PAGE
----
The Public Theater’s Shakespeare in the Park got unprecedented press this year for staging Julius Caesar as a coup against President Trump. Delta and Bank of America pulled their sponsorships from the production company. Donald Trump, Jr. suggested that the play, which closed on June 18, might have presaged the shooting at the Republican congressional baseball practice.

Amid the controversy surrounding the production, we should not miss another disturbing fact: Shakespeare in the Park didn’t just butcher Trump in effigy. It butchered Shakespeare. The acting and stage production were spectacular, but director Oskar Eustis’s tendentious interpretation tried to force Shakespeare’s political drama about classical civic virtues into a contemporary progressive’s mold it can’t possibly fit.

Shakespeare’s Julius Caesar transports us to the last days of the Roman Republic, where one man from the elite governing class is doing the unprecedented: appealing to the plebeians to elevate himself above his peers in order to assume ultimate authority. The patricians, meanwhile, are caught in a difficult situation. Their elite status is threatened, and they are unsure what to make of this would-be popular monarch. The question in Shakespeare’s play is never whether Caesar is great or not, but whether his greatness so surpasses that of others as to justify his claim to dictatorial authority. The moral ambiguity of the conspirators’ enterprise in the play is one of the features that makes it a classic.

Eustis’s production did not allow for these great political and philosophical questions. It reduced Shakespeare’s morally complex political drama into a heavy-handed tale of democratic champions revolting against oppression and getting shut down because they didn’t go far enough. In the show’s playbill, Eustis describes the plot as “a group of idealistic patriots and small-d democrats” who “recognize that their republic is in danger from a leader who is threatening to overthrow democratic norms and establish an outright dictatorship.” In his version, the tragedy is that Cassius—traditionally seen as the least noble of the conspirators—foresees the need to eliminate Caesar’s supporters, but allows himself to be guided by Brutus into limiting the scope of their bloody coup.

The production featured a blond, bombastic Caesar in designer suits and long ties cheered by the white working class and married to a Slavic-accented Calpurnia. Cassius—written by Shakespeare as a proud man who feels his elite status in Rome is threatened by Caesar’s growing popularity—was portrayed as a “pussyhat”-wearing, police-mocking champion of democracy. All the conspirators were people of color, except for Brutus, who couldn’t stop white-splaining bad advice to the rest of the conspirators. Marc Antony had a thick southern accent. Eustis split the fickle plebeians into two alternating groups that never appeared on stage together: MAGA hat-wearing Trump supporters, and progressive Women’s Marchers and Antifa protestors.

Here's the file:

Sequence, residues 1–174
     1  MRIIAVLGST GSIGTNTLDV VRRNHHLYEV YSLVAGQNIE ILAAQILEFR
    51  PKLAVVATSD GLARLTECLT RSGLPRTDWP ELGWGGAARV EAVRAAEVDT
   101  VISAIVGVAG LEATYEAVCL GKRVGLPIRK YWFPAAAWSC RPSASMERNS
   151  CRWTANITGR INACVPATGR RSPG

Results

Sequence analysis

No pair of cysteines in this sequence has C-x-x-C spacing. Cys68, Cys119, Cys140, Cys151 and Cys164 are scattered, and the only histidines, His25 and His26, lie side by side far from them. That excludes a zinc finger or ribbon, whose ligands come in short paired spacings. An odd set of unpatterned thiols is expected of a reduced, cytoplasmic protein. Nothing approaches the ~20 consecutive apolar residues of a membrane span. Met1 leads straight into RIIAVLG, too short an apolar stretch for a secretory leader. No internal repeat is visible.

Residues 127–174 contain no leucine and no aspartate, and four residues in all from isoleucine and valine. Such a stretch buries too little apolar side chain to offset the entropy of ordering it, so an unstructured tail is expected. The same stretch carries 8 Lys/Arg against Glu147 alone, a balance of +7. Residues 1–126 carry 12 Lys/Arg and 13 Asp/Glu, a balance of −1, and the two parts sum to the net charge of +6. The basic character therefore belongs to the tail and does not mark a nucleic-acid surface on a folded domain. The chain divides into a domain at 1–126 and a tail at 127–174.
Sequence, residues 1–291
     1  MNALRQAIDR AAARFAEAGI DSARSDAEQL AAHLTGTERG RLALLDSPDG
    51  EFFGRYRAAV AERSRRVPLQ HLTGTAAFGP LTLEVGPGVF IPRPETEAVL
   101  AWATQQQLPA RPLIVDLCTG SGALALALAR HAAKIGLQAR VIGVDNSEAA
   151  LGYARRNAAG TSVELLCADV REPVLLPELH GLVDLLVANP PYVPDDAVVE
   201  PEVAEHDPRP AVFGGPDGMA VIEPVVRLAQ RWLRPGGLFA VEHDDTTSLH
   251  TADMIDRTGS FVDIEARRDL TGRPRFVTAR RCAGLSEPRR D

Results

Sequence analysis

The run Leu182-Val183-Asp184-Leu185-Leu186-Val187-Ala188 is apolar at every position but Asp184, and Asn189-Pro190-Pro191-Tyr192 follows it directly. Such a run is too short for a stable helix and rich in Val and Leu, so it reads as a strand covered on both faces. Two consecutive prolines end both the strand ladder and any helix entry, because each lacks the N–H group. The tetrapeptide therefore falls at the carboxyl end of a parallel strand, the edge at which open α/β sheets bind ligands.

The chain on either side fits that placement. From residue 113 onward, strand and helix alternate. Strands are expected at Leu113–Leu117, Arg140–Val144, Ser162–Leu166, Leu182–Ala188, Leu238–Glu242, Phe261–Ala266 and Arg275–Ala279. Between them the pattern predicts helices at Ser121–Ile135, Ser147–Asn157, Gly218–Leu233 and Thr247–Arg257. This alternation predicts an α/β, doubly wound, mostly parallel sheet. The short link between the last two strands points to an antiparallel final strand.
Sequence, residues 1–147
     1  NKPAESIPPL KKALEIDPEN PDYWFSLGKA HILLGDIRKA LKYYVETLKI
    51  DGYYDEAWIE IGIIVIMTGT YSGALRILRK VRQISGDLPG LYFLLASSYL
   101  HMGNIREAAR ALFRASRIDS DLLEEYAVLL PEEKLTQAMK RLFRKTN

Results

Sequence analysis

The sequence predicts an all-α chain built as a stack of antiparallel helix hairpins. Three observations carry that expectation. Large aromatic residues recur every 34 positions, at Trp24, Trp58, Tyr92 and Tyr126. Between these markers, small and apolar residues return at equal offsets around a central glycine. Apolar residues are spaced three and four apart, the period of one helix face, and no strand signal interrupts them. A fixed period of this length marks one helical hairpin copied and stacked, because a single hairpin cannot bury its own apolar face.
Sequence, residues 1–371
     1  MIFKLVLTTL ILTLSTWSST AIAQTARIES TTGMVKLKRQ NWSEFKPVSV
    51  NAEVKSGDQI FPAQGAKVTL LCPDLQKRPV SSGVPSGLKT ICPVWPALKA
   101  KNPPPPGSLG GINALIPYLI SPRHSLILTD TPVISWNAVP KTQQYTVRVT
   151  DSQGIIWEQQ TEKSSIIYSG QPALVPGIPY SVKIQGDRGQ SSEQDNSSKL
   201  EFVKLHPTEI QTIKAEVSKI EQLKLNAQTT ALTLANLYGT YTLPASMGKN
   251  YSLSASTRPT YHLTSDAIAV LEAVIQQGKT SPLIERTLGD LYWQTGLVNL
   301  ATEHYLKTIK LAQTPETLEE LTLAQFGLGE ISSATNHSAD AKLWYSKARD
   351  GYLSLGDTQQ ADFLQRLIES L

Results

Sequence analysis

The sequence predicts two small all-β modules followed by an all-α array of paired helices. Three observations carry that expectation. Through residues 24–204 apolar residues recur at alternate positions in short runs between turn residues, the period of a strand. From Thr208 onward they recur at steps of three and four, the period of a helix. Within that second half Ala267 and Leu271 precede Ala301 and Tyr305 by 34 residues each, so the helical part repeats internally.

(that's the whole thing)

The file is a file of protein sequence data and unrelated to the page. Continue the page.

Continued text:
In Shakespeare’s Julius Caesar, to quote Allan Bloom’s “Morality of a Pagan Hero,” “The actors and their faults are everything; material circumstances and chance are reduced to an almost meaningless minimum.” Not so with Eustis’s production, in which the Act V “civil war” features a clash between unarmed protestors and well-armed police.

Worse, Trump doesn’t work as a latter-day Julius Caesar. The two share a similar degree of self-conceit, but the similarities end there. Trump doesn’t possess Caesar’s undisputed greatness, nor his near-universal popularity. Brutus looks like a fool when he says, “And, to speak truth of Caesar, I have not known when his affections swayed more than his reason.” To quote Bloom once more: “It is possible to play Caesar as a petty, petulant, frightened despot, but it would be absurd to do so. There would then be no accounting for how Caesar had got where he is or for the general opinion that he was ‘the noblest man that ever lived in the tide of time.’”

Shakespeare’s timeless themes allow him to be reimagined in different settings (see West Side Story or The Lion King). But Eustis misunderstands Julius Caesar, through a failure of political imagination. In the playbill he claims that it is fruitful to “try and understand ourselves” through the lens of “that historical moment 2000 years ago,” but his production does just the opposite. He views that historical moment through the lens of modern politics, not so much in order to “understand” ourselves as to justify the dislike he and others bear toward President Trump. Rather than allowing Shakespeare and the Romans to teach us about the relationships and responsibilities of the few and the many, Eustis casts the conflict as a “progressive’s nightmare.” He is either oblivious to or willfully ignorant of how much his changes distort one of Shakespeare’s greatest plays.

It is sad to see the Public Theater, one of the most respected theater companies in New York, join the trend of appropriating classic literature as a vehicle for political grandstanding. Et tu, Eustis? 

Josiah Peterson is debate coach and adjunct instructor of rhetoric at The King's College in New York City.

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